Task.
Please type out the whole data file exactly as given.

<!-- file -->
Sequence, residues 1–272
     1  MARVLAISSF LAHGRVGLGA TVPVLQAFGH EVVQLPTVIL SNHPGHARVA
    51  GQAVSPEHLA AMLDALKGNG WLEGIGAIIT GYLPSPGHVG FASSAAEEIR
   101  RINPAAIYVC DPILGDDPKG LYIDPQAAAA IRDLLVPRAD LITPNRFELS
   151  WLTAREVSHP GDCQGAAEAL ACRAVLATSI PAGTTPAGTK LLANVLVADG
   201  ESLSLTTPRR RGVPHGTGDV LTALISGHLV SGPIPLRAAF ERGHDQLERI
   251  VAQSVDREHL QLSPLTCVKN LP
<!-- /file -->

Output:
Sequence, residues 1–272
     1  MARVLAISSF LAHGRVGLGA TVPVLQAFGH EVVQLPTVIL SNHPGHARVA
    51  GQAVSPEHLA AMLDALKGNG WLEGIGAIIT GYLPSPGHVG FASSAAEEIR
   101  RINPAAIYVC DPILGDDPKG LYIDPQAAAA IRDLLVPRAD LITPNRFELS
   151  WLTAREVSHP GDCQGAAEAL ACRAVLATSI PAGTTPAGTK LLANVLVADG
   201  ESLSLTTPRR RGVPHGTGDV LTALISGHLV SGPIPLRAAF ERGHDQLERI
   251  VAQSVDREHL QLSPLTCVKN LP